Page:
The little box just has 4GB. As you might imagine this gets eaten very quickly which is a shame because I could see the box having the potential to be a mini android games console. However the lack of room means that’s not really an option.


Hmmm the little box cost just US$40 or about £25 so the thing is cheap, it’s really, really cheap. Hardware wise I want to love it, okay it really should have an SD card slot but otherwise the hardware looks good. Its hardware is capable and powerful enough to playback 1080p easily even if its x265. If you want it to stream back local content then great. It’ll do that and it comes with a great Bluetooth remote so you can hide the box away and no line of sight is needed. So for that it’s a nice little thing. However for streaming, IPlayer, ITV player, All 4, they just would not consistently play properly. They would work for a bit then stop for no reason and frankly that got extremely frustrating. The Chinese stuff seemed to work better but who wants to spend forever looking for stuff that’ll be in English?

But…… then I came back to the price. It’s a dirt cheap little box of tricks.


If I had a clear conclusion on the XiaoMi MIUI TV I’d tell you. Before I got the box I so wanted to love it, it struck me as filled with potential. To me it still seems so potential-filled however the reality is that for all the playing about with, fiddling with it, the Google play store remained a problem. I believe it’s down to the device insisting it’s in China but whatever the reason, I could not sign in to Google. So no Play store, no Google Play Music, TV or Movies.

The issues didn’t end there. Installing apps clearly meant for finger and touch screen like iPlayer, the controls using the included remote were problematic. Sure the Bluetooth mouse I paired made it a breeze but you know. Then the ITV player, it worked but after 10 min would crash. Sigh. Crackle, well it would instantly crash on trying to open it. All 4, it would only tell me the service was temporarily unavailable.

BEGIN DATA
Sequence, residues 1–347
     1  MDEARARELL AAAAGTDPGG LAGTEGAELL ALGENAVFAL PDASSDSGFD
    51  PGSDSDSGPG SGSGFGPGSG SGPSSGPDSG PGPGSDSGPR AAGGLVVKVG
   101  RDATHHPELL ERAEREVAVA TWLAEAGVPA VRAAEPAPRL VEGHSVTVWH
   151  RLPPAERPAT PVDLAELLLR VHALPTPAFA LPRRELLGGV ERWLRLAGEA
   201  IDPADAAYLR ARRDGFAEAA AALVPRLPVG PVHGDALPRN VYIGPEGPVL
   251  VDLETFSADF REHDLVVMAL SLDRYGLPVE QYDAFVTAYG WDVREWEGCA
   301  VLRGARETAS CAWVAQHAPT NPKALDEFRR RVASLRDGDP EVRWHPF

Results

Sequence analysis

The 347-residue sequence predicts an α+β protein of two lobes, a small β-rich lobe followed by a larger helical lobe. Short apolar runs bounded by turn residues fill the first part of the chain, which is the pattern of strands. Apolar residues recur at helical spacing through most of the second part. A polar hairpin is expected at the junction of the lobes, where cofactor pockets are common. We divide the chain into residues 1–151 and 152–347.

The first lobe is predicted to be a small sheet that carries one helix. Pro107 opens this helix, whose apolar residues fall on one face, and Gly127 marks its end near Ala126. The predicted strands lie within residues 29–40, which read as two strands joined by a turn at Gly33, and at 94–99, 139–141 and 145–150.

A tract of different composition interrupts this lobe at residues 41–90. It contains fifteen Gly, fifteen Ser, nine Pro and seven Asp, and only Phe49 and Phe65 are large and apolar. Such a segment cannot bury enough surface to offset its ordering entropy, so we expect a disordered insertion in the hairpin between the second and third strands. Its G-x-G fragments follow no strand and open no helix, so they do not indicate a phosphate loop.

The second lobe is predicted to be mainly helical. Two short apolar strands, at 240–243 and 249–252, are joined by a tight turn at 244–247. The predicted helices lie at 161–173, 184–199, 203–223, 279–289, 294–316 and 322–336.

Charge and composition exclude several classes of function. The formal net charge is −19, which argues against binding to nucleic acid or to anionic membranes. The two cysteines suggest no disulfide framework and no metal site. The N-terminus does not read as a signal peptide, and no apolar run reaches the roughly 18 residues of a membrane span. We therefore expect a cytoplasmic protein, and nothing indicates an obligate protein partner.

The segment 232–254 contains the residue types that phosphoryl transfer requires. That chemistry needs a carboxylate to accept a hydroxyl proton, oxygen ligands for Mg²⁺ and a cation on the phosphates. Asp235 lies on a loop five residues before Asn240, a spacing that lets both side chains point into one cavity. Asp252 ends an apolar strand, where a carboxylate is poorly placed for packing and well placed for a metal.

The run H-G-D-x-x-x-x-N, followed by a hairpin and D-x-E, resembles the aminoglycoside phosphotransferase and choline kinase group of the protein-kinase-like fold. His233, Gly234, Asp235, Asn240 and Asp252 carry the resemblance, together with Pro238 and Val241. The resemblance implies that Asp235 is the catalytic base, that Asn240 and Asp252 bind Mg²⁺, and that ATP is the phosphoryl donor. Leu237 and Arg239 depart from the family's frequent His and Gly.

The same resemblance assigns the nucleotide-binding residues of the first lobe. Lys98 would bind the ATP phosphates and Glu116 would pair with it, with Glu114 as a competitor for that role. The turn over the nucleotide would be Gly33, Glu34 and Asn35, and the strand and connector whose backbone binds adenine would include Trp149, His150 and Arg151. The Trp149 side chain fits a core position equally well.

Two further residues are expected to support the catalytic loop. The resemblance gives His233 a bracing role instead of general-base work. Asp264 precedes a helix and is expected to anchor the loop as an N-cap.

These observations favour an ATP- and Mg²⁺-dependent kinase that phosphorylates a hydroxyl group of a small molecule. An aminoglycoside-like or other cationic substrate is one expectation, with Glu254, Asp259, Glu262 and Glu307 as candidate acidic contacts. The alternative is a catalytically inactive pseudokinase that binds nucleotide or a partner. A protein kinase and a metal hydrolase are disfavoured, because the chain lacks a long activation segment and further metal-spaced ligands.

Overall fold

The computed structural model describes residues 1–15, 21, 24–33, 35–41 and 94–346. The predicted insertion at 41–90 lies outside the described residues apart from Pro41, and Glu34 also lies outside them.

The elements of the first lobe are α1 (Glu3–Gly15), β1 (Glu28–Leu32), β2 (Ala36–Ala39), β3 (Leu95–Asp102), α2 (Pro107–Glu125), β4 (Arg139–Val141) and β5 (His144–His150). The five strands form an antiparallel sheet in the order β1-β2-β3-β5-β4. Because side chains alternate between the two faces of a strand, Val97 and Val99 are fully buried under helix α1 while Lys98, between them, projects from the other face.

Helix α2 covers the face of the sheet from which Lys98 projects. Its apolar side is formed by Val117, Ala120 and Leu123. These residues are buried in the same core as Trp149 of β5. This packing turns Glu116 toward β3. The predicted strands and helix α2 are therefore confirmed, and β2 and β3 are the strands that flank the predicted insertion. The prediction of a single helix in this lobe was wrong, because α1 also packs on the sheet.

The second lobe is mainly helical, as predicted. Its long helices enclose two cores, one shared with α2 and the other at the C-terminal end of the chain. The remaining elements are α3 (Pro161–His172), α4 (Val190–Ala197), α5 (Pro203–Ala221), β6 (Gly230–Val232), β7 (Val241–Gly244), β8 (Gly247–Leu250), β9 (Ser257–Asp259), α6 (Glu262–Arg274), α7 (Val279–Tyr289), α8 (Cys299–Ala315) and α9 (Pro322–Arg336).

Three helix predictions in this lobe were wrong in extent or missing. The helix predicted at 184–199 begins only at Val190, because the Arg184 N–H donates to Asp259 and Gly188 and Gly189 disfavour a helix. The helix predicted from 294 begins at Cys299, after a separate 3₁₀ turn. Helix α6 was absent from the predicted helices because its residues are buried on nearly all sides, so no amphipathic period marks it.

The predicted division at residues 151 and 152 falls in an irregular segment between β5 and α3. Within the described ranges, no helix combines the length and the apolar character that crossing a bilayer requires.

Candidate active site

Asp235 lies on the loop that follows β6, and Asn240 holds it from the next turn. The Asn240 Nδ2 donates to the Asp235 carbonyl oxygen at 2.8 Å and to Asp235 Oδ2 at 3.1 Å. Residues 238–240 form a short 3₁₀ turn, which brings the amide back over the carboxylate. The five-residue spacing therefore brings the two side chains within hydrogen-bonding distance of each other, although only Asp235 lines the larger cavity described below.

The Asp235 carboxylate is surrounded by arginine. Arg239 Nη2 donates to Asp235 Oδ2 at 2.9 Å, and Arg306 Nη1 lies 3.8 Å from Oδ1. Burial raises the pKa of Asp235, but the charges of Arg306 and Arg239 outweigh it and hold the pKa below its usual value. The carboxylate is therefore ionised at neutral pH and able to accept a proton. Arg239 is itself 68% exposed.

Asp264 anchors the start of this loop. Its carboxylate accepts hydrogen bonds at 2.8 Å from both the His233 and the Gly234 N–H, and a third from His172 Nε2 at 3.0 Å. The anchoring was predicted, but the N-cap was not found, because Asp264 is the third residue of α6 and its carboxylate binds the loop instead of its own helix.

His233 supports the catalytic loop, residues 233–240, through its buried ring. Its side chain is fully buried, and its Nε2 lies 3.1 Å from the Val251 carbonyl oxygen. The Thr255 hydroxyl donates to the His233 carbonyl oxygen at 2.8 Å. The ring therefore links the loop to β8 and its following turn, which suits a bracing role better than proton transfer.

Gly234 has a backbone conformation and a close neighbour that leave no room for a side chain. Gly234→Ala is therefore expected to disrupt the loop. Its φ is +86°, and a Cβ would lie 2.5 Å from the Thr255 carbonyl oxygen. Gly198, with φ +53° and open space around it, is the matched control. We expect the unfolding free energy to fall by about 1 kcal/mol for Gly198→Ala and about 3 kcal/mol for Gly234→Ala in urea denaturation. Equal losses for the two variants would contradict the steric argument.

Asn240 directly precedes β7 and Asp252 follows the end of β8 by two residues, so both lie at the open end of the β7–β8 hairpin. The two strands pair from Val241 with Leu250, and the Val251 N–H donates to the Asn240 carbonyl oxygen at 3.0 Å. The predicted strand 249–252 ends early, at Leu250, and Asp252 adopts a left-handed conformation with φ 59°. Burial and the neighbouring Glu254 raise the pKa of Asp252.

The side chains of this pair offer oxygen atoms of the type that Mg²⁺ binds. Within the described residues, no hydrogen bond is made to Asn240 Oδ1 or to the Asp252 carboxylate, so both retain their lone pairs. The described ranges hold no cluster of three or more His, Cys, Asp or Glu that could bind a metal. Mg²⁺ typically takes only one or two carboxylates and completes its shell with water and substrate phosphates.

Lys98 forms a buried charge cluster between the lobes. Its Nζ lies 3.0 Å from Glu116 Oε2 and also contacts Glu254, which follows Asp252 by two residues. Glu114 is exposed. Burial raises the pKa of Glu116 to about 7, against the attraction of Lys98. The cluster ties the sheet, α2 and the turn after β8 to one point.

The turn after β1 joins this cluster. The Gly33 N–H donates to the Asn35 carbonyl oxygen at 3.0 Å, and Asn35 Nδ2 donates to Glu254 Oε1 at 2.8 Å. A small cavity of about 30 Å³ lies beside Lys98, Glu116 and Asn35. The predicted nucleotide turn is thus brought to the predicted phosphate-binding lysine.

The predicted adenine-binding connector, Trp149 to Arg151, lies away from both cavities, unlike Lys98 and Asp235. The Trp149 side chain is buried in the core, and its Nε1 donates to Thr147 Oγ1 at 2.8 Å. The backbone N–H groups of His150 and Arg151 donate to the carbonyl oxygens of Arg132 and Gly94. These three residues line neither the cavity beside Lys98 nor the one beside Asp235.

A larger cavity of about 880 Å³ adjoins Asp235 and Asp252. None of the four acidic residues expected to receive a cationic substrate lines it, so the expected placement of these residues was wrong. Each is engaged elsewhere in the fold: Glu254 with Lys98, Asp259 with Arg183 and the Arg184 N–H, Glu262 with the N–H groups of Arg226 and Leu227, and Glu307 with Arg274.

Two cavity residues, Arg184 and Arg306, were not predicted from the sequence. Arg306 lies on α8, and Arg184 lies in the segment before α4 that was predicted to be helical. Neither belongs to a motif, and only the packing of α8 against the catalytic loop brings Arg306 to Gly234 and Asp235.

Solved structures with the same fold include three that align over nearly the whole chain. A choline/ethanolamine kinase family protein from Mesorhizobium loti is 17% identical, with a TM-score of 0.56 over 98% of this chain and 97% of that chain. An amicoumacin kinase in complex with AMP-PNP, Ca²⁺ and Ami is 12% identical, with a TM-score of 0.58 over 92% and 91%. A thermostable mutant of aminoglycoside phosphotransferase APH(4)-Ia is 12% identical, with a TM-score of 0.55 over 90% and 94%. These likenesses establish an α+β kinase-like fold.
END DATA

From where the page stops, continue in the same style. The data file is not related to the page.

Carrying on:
So should you buy one? Maybe, maybe not. It was a great deal of pain and effort to tinker with to get even Netflix running but it worked fine eventually. Also its ability to play network files was handy too and for the money, which is only £28 after all, isn’t on its own bad value. It’s the missed potential on the XiaoMi MIUI TV that still gets me though. As just a little Netflix box and a little local video streamer (including x265) it is a nice little thing. It does both those jobs very well in an extremely compact form factor (especially if you use American plugs where you are.)



Hardware & Bulid Quality


Software & UI









  • Very Cheap.
  • Super tiny and discreate.
  • Bluetooth so no line of sight needed.


  • Very Chinease centric.
  • Its a major battle to get inte English.
  • No Google Play services.
  • Very limited storage for games.

About Mark Ramos